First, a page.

In the panel on ‘Development Beyond the Millennium Development Goals (MDGs)’, Dr. Saba Gul Khattak, SDPI lamented over lack of focus on women empowerment. Afshan Ahmad from Germany called for ownership of MDGs achievement by the government to provide basic services to the poor. She said the cost of terrorism is one of the main causes of off tracking MDGs in Pakistan, a state in the making. Dr. Peter Taylor from Canada highlighted room for improvement in the quality of policy-making processes in South Asia and maintained research think institute are a key for evidence-based information. Dr. Sagar Sharma of Khatmandu University, Nepal said as a whole, the role of non-state holders for MDGs was more effective than the state holders. Dr. Bishnu Raj Upreti, Nepal said MDGs need to be redefined in the context of conflict and peace in the region and with-in the countries.
In the session on ‘governance challenge: It there a way out?’ the speakers said the governance constraints have to be seen in political and military institutions perspectives. Dr. Ishrat Hussain, of Institute of Business Administration, Karachi underscored that only those institutions should be focused for governance reforms which have high pay off, spillovers and linkages to other services. Barrister Dr Ehtasham Anwar said without reforming the structure of governance, much awaited dawn would never arrive in our homeland. Syed Akbar Zaidi, said the foreign aid should be stopped as both military and political elites have mismanaged it, as 42 percent was aid received was spent on military purposes. Foqia Sadiq Khan of SDPI, said laws violation is noticed only when it is done by the weak and less resourceful sections of society while violation by elites remains unnoticed.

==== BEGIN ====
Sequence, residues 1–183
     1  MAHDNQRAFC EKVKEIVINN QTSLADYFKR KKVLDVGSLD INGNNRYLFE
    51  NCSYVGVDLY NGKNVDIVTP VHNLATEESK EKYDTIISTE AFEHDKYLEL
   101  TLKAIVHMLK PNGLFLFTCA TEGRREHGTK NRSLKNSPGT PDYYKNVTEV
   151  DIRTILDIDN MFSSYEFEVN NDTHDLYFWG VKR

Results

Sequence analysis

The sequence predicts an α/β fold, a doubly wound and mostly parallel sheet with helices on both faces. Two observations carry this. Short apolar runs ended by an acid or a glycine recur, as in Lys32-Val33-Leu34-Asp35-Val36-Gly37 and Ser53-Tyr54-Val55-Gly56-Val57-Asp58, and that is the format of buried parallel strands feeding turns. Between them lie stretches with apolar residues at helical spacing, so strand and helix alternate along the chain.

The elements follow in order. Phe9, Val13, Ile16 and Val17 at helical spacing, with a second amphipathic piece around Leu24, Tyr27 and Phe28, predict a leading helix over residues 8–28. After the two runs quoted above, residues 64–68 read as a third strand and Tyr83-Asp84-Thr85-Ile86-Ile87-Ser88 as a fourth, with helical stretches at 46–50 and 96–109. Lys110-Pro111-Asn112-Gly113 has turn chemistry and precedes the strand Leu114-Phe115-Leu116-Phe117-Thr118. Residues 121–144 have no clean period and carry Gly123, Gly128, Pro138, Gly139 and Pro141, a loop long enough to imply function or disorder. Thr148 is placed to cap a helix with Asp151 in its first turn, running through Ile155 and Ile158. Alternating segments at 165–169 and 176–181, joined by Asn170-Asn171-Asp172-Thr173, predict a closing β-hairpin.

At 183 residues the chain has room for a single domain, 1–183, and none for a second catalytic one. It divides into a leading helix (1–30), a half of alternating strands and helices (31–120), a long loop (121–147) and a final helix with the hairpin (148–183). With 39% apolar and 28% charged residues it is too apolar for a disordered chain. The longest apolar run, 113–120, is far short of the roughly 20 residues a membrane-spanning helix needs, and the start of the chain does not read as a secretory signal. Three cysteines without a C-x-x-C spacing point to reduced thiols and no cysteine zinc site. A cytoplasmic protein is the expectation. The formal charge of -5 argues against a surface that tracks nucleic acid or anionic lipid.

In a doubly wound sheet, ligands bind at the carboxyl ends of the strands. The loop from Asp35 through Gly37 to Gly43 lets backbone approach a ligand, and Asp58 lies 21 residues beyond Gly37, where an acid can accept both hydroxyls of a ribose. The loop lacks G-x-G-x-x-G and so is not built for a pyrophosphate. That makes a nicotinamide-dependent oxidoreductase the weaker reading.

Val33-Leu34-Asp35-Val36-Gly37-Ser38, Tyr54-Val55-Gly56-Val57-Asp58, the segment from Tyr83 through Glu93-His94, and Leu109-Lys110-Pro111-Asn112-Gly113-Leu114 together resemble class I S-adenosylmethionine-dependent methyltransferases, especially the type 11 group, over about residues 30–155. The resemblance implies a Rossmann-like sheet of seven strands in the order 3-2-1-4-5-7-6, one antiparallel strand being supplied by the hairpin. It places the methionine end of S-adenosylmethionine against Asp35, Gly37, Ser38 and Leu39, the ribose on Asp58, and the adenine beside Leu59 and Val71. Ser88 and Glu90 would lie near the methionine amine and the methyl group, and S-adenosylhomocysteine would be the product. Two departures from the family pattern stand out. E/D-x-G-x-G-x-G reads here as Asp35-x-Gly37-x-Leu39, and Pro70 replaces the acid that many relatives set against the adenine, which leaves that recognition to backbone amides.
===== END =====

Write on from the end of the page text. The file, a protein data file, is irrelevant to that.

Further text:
In the session on revisiting poverty debate: alternative ways for conceptualization, measurement and targeting’, Arif Naveed of SDPI, sharing district level poverty analysis, said 18 out of 20 poorest districts in Pakistan are in Balochistan and 20 least poor districts are located in Southern Punjab. He said the research showed severe inter-provincial disparities in poverty and poverty in Pakistan seems to have an ethnic face. While Punjab is overall the least poor province, the Southern part of the province faces extreme levels of poverty. Dr. Vaqar Ahmed from SDPI and economist Dr. Sajjad Akhter were of the view that the issue of poverty should not be politicized and institutions such as Federal Bureau of Statistics and Planning Commission should work as autonomous bodies. Dr. Sabina Alkair, University Oxford, said there is a need of diversified and quality data collection for rigorous analysis of poverty.